On March 29, a Twitter account for Cynthia McKinney, an American politician who served six terms in the U.S. House of Representatives, tweeted the cover of the story.

The article published by fringe media site was picked up by American politician Cynthia McKinney. (Source: @cynthiamckinney/ archive)

After moving from France to the U.S., the story was eventually picked up by South African social media accounts. Notably, an anonymous Twitter account that goes by the name Izwe Lethu (meaning “our land” in isiZulu) retweeted McKinney’s tweet on March 31. The account had nearly 66,000 followers at the time.

Izwe Lethu retweeted McKinney at 08:49 SAST, after which “Bill Gates” started to gain serious traction in South Africa. By mid-day local time, over 36,400 tweets mentioning Bill Gates had been posted by South Africa Twitter accounts.

At 13:30 SAST Bill Gates was the third-most tweeted subject in South Africa. (Source: @awildknight via Twitter)

While the majority of the tweets by South African profiles appeared linked to the fake story claiming Bill Gates wanted to vaccinate African citizens against the virus, almost none of the accounts actually linked to the false stories published by and other international websites. Instead, influential South African accounts primarily created their own original content about the conspiracy theory.

For example, the South African account @AdvoBarryRoux, with 850,000 followers, reached the largest number of Twitter users. In another tweet, the account referenced countries that need a COVID-19 vaccination more than Africa, similar to the original Facebook message claiming to be written by Raoult.

Two tweets from influential South African Twitter account @AdvoBarryRoux received significant engagement. (Source: @AdvoBarryRoux/ archive, left; @AdvoBarryRoux/ archive, right)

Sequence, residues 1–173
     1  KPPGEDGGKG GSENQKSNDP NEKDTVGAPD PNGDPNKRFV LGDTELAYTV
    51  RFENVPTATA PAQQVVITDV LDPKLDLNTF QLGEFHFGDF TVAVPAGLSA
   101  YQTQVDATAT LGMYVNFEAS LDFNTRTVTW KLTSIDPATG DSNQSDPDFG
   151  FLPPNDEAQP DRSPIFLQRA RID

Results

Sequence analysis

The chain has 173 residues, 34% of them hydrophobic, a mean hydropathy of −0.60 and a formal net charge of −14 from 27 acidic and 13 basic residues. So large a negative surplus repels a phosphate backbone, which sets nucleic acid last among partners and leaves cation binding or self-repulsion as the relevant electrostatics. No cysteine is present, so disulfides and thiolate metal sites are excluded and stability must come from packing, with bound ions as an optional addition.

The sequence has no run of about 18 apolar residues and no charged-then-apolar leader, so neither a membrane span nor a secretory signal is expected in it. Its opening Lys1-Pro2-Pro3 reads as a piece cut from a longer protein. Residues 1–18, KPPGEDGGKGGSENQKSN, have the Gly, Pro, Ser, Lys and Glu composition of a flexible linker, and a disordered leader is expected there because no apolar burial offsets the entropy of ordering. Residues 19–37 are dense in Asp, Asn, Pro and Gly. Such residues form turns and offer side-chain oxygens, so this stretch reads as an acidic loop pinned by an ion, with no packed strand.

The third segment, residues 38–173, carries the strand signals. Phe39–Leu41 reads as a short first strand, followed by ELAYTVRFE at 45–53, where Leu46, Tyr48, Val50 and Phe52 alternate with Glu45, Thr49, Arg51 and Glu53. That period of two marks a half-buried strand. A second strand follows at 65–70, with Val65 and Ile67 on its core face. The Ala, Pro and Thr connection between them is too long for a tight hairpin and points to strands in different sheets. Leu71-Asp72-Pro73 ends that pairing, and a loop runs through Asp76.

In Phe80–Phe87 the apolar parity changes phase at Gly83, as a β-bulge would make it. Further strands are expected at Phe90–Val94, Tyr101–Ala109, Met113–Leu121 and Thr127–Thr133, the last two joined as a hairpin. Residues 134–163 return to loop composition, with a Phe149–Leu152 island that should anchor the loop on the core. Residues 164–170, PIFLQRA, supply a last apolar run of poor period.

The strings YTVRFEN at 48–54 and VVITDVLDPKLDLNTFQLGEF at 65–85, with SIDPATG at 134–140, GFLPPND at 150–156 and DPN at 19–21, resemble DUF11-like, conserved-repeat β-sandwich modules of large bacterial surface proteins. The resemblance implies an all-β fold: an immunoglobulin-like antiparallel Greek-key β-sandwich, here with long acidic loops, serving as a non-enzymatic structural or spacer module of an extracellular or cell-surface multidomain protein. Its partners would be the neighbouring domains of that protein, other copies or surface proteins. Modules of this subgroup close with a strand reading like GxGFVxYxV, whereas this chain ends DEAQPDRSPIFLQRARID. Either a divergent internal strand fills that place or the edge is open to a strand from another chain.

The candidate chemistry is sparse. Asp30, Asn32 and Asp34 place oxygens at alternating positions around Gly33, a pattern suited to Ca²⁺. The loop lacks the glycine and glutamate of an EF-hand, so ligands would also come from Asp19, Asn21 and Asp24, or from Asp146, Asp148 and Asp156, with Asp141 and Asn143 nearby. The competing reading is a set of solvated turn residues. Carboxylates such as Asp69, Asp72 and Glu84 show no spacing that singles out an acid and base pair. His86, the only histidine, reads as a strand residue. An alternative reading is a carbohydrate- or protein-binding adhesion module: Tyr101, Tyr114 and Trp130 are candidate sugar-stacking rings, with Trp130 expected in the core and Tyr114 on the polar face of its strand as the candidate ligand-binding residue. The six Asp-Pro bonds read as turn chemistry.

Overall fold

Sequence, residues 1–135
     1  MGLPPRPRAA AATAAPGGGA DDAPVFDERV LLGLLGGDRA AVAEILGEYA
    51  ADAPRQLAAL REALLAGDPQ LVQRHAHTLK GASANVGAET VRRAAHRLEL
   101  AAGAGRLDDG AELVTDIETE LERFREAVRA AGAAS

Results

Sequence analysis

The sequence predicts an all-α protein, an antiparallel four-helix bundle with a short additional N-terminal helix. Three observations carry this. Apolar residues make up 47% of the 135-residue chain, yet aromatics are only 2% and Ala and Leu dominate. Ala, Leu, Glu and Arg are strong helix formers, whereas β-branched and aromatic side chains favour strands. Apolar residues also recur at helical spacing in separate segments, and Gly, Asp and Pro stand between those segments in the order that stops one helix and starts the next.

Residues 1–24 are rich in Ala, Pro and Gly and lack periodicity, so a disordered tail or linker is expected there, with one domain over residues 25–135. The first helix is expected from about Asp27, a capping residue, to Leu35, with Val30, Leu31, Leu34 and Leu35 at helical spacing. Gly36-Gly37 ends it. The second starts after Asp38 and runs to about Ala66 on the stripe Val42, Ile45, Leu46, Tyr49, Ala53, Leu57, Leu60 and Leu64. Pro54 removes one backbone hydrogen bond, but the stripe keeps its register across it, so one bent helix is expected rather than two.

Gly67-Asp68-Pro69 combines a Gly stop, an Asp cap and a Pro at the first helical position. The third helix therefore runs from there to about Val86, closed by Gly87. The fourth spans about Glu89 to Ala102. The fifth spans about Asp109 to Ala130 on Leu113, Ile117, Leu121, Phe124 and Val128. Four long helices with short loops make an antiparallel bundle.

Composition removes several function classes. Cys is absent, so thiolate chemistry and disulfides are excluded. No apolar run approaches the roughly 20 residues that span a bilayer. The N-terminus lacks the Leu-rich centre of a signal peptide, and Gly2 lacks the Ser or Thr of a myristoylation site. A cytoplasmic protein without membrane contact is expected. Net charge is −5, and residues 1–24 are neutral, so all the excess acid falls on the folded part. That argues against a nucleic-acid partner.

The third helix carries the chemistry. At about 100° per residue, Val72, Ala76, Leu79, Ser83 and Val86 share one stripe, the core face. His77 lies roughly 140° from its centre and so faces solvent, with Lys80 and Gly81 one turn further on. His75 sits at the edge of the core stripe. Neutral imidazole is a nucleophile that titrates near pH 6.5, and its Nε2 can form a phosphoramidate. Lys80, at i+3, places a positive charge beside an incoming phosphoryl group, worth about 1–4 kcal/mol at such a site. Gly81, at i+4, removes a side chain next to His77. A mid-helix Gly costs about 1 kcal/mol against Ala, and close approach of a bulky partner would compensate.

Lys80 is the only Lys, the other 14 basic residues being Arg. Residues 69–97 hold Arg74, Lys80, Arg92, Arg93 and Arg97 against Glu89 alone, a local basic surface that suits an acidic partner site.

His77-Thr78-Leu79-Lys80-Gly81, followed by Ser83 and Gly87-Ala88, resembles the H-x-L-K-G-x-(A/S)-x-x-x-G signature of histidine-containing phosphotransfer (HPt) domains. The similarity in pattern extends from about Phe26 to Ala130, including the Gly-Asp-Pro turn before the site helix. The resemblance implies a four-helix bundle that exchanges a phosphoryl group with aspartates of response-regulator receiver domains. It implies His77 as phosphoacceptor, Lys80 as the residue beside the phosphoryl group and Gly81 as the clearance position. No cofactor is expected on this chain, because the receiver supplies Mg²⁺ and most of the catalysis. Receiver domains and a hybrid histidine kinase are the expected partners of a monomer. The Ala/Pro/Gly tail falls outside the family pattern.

The tweets about Bill Gates were overwhelmingly negative, with many claiming the tech billionaire had a white savior complex and should not be allowed in Africa. Although the original message claiming to be by Raoult was not posted by influential accounts, the English translation was frequently posted in the comments section of tweets with high engagement, as evidence of the tweets’ claims.

The same text and photo combination of the statement allegedly written by Didier Raoult was frequently posted as comments or evidence to support negative tweets about Bill Gates. (Source: @awildknight/ DFRLab via Twitter)

Influential South African Twitter accounts also promoted other conspiracy theories: Izwe Lethu posted a clip of conspiracy theorist David Icke claiming that Bill Gates funds electronic vaccination tracking, while another account with almost 160,000 followers used the conversation about the Gates conspiracy theory to promote anti-vaxxer viewpoints.

Bill Gates is exonerated

On March 30, French-fact checking organization Check News debunked the story after contacting Méditerranée Infection, the university hospital institute where Raoult works. Méditerranée Infection stated that Raoult had not written the widely circulated message about Gates. However, the message remained on Facebook until April 1, when AFP also debunked the claim. As an independent fact-checking newsroom that partners with Facebook, AFP’s debunking of the statement led to all Facebook posts containing the inaccurate message being labeled as false information.

A copy of the claim that Didier Raoult told Africans not to accept Bill Gates’ vaccination. As of April 1, the claim was labeled false information on Facebook. (Source: Daouda Tamba Tambaarchive)

Tessa Knight is a Research Assistant, Southern Africa, with the Digital Forensic Research Lab. The DFRLab team in Cape Town works in partnership with Code for Africa.